Animal Man is actually popular, and not “hypothetically popular,” because it’s really well done, not because people want to be hip by saying they read it, or make a good investment by purchasing it. There have been very few instances of floppies from the big two having any after-market value in the last decade. No one in the know is speculating long term on the extremely overprinted New 52 issue number 1s, of all things. You’re better off buying random indies, so you can strike gold with like a Mouse Guard #1, or something that becomes popular by way of being made into a movie, like 30 Days of Night or something.

Anyhow, the point is that Animal Man by Foreman and Lemire is awesome.

Loved animal man, at first I hated the art but accept that it’s part of the tone of the book, some great stuff going on there. I thinkim enjoying the more mature titles in the dcnu batman and catwoman are my top 2, while aqua man is a close 3rd, and wonder woman is finally interesting!

Ammar Yassir Khan

October 27, 2011 at 2:40 pm

For me, the standouts have been:

Batwoman
Wonder Woman
Animal Man
Swamp Thing
Batman

However, at the risk of sounding like a fanboy I really don’t see how this all fits in continuity wise; the decision to incorporate most of the histories of GL and Bats and change much of others leads me to doubt how it will all mesh in the future. We shall see. But I am loving the above books I mentioned.

I’m giving Red Lantern and Green Lantern Corps at least another month to prove themselves. As of October, I went from “The New 52″ to “The New 42.” I have a feeling next month it’s going to be “The New 32.” Overall, DC has done a great job, and the duds are definitely forgiven and overshadowed by the runaway successes!

OUT

So far it’s 16 out for me. Batwing, Blackhawks, Captain Atom, Catwoman, Deathstroke, Firestorm, Green Arrow, Grifter, Hawk & Dove, Hawkman, Men of War, Mr. Terrific, Red Hood, Resurrection Man, Static Shock, Suicide Squad.

I looked at all of these on the shelf. Three of these I tried and dropped. I’m open to the idea of reading Resurrection Man, but I thumb through it and it doesn’t grab me. I’m excited about the creator shake ups on Green Arrow and Static Shock and expect to give them another look.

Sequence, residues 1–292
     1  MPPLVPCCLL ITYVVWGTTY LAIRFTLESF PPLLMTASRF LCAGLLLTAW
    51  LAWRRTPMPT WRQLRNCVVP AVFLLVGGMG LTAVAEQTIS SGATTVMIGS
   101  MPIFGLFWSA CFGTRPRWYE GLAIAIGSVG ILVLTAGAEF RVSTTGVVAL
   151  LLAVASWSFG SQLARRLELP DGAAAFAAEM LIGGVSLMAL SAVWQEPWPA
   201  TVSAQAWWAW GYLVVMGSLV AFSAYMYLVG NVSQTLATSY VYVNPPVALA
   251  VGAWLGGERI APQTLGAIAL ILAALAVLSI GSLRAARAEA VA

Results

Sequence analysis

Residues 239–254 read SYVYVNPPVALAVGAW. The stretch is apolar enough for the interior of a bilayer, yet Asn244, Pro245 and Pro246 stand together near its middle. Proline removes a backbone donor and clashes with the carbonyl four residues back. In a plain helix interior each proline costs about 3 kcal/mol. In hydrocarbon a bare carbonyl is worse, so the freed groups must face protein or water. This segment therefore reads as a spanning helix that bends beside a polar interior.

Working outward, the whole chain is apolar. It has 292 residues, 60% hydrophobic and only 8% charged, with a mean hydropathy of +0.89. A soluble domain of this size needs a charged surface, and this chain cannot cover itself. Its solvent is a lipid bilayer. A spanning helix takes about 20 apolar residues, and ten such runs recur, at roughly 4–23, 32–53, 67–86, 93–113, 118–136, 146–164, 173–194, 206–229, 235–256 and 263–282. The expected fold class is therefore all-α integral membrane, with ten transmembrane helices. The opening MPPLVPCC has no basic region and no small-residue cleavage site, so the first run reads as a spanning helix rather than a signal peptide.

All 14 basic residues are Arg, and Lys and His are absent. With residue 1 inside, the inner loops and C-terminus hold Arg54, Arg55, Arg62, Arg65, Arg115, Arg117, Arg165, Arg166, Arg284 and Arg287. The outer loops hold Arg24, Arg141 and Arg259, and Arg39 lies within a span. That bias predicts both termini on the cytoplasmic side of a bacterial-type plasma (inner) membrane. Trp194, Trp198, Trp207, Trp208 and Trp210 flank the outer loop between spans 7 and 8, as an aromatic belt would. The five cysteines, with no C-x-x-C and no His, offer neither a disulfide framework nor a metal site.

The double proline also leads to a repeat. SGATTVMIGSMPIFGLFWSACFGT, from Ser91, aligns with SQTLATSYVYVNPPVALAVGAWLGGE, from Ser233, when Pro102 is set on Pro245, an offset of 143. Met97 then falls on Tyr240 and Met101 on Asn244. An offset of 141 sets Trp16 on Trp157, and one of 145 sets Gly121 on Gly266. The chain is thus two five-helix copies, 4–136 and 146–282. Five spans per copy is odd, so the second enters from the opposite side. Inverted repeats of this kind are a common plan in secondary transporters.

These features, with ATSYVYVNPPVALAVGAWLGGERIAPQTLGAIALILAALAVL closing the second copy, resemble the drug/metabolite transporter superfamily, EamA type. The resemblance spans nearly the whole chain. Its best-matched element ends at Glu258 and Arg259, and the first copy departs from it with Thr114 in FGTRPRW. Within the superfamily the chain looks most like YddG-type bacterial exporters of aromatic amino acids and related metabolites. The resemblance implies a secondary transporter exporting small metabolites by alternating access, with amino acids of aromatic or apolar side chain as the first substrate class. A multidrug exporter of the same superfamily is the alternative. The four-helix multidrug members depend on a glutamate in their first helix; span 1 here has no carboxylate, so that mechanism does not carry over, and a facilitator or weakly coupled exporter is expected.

IN

So far it’s 18 definitely in for me. There are 10 in the top tier — Action, All-Star Western, Animal Man, Aquaman, Batman, Batwoman, Flash, Green Lantern, Swamp Thing, Wonder Woman — and 8 in the next tier — Batgirl, Batman & Robin, Birds of Prey, Green Lantern Corps, I, Vampire, Justice League, Superboy, Supergirl.

ALMOST IN

There are 9 more that still stand a good chance to be ruled in for me. There are 3 that are basically in, but I want to see that they will remain consistent — DCU Presents, Frankenstein, Justice League Dark — but 6 more that could also be in, but I need to see them develop a little bit more before I’m sure — Nightwing, O.M.A.C., Red Lanterns, Stormwatch, Superman, Voodoo.

ALMOST OUT

There are 9 that I want to like but have serious skepticism about — Batman: Dark Knight, Blue Beetle, Demon Knights, Detective, Green Lantern: Guardians, Justice League International, Legion Lost, Legion of Super-Heroes, Teen Titans.

@HPWT – I see what you mean. But, assuming a limited budget, sometimes we do have to make choices about what to buy. Sometimes we choose poorly. I have a certain baseline—still subjective, but based on a standard that’s been pretty consistent—about what is and isn’t worth my money. I’ve dropped some books that, yeah, there was some fun in them, but if there are other things that entertain me more, I’m going to spend my time and money on those other things.

Googam son of Goom

October 27, 2011 at 4:43 pm

All-Star Western. Gray and Palmiotti are really great story tellers. To be honest I’ve always avoided the Western genre in books, comics and movies, but I own every single issue of their Jonah Hex series. It all started with picking up a copy of Jonah Hex in a bargain bin and really enjoying it. Then Darwyn Cooke illustrated an issue and I really enjoyed it. It went from there. I kept reading and then sought out back issues and I was never let down. Great stories, dialogue characterization and they always worked with exceptional artists. To be honest I wish they weren’t Gothamizing Jonah. It’s a different kind of story but still a top notch production.